We live in a time that is certainly more tolerant and accepting than many centuries previously. Advantages in women’s rights, race relations and LGBT emancipation have been numerous and the activism of those groups of people agitating for change shouldn’t be minimised. However it would be foolish to argue that systemic prejudices remain commonplace in Western societies. New evidence of discrimination on the grounds of race has been revealed by data collected by the TUC. Structural disadvantages for people of colour can only be rectified if there is a popular demand for change to force the government into decisive action.
The TUC’s findings make for fascinating and disturbing reading. Among workers with A-Levels, black workers earn around 10% less on average than their white colleagues of the same educational level. The TUC estimates that this equates to £1.20 per hour less than white workers. The statistics also reveal that black workers will earn around £2.63 per hour less than white workers with degrees, which is around 14% less on average. In the case of workers with higher education certificates and/or diplomas, black workers earn 20% less than their white counterparts, or £2.98 per hour less. The gap between black and white school leavers with GCSE qualifications of C or above is 12%. The lowest discrepancy was between unqualified workers, but even then black workers will earn 5% less than their white co-workers. Across all educational levels, black workers will earn around 8.3% less than their white colleagues which is an average level of £1.15 per hour less.
In a statement to The Independent, TUC General Secretary Frances O’Grady said “whether they have PhDs or GCSEs, black workers simply aren’t getting paid the same as white workers with similar qualifications. Students get their A-Level results this week. The harsh reality is that race will still play a huge role in how much they get paid”. O’Grady is unfortunately correct and this latest set of statistics adds to the mountain of evidence already confirming this theory.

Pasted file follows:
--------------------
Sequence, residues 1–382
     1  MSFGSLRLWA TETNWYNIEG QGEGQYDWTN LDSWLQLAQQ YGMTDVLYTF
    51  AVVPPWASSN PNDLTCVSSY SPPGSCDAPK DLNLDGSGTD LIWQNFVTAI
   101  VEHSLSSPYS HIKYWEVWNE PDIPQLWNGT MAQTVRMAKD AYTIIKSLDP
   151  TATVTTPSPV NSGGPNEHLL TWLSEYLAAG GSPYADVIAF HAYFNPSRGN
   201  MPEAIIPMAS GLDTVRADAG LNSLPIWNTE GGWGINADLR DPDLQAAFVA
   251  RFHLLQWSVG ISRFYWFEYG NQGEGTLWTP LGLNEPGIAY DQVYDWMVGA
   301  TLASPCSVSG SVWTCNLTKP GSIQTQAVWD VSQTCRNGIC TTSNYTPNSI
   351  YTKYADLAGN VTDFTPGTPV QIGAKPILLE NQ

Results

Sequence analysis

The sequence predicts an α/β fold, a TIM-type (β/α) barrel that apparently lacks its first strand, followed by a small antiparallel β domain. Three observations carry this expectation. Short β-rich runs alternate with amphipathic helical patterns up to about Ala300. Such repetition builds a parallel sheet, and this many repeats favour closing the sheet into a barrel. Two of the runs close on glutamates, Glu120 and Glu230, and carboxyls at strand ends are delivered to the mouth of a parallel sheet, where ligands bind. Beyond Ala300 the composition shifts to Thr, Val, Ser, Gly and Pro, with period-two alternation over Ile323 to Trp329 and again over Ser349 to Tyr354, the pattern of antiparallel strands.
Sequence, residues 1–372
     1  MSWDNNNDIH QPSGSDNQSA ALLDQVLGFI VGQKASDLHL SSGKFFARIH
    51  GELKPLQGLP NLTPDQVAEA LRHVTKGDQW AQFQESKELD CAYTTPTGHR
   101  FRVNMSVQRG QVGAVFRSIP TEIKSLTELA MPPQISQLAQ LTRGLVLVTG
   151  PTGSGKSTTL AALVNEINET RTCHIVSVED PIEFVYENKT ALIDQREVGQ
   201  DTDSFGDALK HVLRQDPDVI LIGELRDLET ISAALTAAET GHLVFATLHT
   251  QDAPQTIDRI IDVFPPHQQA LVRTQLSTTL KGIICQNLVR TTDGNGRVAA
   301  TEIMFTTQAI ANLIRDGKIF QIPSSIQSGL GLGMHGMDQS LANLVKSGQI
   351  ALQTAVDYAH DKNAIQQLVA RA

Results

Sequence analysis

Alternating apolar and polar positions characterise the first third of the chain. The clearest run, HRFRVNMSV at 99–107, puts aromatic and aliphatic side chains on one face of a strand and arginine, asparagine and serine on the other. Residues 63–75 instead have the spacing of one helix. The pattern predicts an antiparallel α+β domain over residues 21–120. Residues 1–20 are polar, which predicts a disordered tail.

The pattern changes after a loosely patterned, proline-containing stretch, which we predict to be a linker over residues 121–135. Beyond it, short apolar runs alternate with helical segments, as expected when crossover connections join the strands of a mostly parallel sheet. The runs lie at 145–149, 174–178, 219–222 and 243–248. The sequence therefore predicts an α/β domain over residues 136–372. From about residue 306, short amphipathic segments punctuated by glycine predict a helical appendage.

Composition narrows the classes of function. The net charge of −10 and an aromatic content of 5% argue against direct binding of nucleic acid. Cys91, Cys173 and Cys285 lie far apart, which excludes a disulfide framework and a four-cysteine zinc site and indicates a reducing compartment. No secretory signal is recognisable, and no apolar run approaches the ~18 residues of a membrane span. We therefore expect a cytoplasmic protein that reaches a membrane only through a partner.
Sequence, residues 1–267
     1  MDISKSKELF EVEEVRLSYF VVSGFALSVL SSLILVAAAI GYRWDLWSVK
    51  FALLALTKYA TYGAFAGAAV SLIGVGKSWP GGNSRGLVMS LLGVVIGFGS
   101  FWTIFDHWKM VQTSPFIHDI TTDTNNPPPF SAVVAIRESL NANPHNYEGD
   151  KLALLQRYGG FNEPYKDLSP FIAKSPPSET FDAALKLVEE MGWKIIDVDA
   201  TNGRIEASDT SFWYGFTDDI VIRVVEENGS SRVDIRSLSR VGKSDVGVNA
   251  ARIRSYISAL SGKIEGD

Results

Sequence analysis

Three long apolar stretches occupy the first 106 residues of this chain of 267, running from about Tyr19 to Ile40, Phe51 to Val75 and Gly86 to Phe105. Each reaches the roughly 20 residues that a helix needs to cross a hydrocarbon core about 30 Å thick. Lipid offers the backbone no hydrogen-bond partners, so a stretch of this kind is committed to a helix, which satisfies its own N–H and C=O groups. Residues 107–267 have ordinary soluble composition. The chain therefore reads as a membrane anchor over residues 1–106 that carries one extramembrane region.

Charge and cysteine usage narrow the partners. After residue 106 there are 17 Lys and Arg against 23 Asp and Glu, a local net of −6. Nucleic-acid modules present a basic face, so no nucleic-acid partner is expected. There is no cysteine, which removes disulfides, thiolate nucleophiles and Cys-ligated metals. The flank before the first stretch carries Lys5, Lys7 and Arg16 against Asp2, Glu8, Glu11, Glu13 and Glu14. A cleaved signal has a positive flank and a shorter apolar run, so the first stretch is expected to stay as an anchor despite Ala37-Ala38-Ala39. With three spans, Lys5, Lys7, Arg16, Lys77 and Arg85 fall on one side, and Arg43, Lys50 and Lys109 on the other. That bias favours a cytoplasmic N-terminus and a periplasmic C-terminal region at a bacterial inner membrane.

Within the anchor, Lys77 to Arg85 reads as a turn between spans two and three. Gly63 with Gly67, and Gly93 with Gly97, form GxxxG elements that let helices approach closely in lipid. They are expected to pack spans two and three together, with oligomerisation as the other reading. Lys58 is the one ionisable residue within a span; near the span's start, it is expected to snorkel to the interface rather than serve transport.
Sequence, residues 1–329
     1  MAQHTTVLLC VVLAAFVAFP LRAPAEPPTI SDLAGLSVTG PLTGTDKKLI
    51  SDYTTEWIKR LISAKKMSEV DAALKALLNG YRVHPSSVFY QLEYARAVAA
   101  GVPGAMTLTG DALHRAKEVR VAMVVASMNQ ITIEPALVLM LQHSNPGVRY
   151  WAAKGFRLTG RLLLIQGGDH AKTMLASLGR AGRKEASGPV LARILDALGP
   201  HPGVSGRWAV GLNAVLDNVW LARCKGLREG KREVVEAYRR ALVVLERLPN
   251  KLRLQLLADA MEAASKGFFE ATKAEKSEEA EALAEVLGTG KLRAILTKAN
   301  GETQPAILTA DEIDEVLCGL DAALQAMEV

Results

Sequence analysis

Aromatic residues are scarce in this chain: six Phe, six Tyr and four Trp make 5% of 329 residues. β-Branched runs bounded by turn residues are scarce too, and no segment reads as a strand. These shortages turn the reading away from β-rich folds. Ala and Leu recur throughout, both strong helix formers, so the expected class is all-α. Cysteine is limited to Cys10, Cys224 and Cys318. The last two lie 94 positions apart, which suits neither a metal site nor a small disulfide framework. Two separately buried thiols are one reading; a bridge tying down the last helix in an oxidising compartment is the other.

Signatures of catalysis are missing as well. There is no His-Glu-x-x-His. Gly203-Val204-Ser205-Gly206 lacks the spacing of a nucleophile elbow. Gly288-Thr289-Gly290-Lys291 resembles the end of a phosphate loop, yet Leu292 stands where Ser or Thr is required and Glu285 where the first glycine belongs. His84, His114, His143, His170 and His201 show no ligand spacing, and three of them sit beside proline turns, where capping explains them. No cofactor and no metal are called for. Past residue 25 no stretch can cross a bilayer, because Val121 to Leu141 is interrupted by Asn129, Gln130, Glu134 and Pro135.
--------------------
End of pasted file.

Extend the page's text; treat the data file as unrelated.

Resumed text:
According to 2016 research by Wouter Zwysen and Simonetta Longhi of the University of Essex, BAME university graduates are likely to earn significantly less than their white co-workers. The report stated that this figure is around 23.1%. Further, the report said “the largest inequalities are in the probability of employment six months after graduation where the gaps range from 3-4 [percentage points] for black Caribbean women to 15 [percentage points] for Pakistani women”. Although each group within our society has its own inter-sectional concerns, the problems of structural racism affect every person in our society in some way.
In order to combat this persistent problem, I share the opinion of Stokely Charmichael who once said that “the power for racism [and] the power for sexism comes from capitalism, not an attitude”. Without a substantive change in our economic system, social attitudes will be continually reproduced with very little change. The first step would be to shake off the veneration of the market’s ‘wisdom’ and the belief that state involvement in the economy is inherently evil. A state active in the market could require annual audits of businesses to ensure that no gender, racial or any other discrepancies existed between employees. This could fall under the remit of the Ministry for Equalities under existing legislation but legislation could be introduced to make this a job for local authorities.
However, like all policy areas, the area of employment rights is highly interdependent. Without strong and active trade unions any gains made by a government that cares about these issues could easily be undermined as the political wind changes. Trade unionists are watchmen and women that prevent working conditions and pay levels from deteriorating. Additionally, encouraging the creation of cooperatives will ensure that each employee is equally valued in a way that is incompatible within a traditionally hierarchical system. Transforming how society organises itself will help remedy the systemic injustices that have plagued marginalised groups for generations.
Discrepancies between individual employees can often be written off for non-malicious reasons, but when such an obvious gulf between the races is objectively measurable we must face up to the fact that racial bias remains in our society. The data from the TUC revealed inequalities at every qualification level and to deny the existence of such a structural racial bias would be indicative of someone in denial. People should organise up and down the country to demand that the government acts to substantively deal with this injustice but also to mobilise in support of organisations that will undo the restrictions of workers’ rights so that employees can engage with their employers about these disgraceful statistics.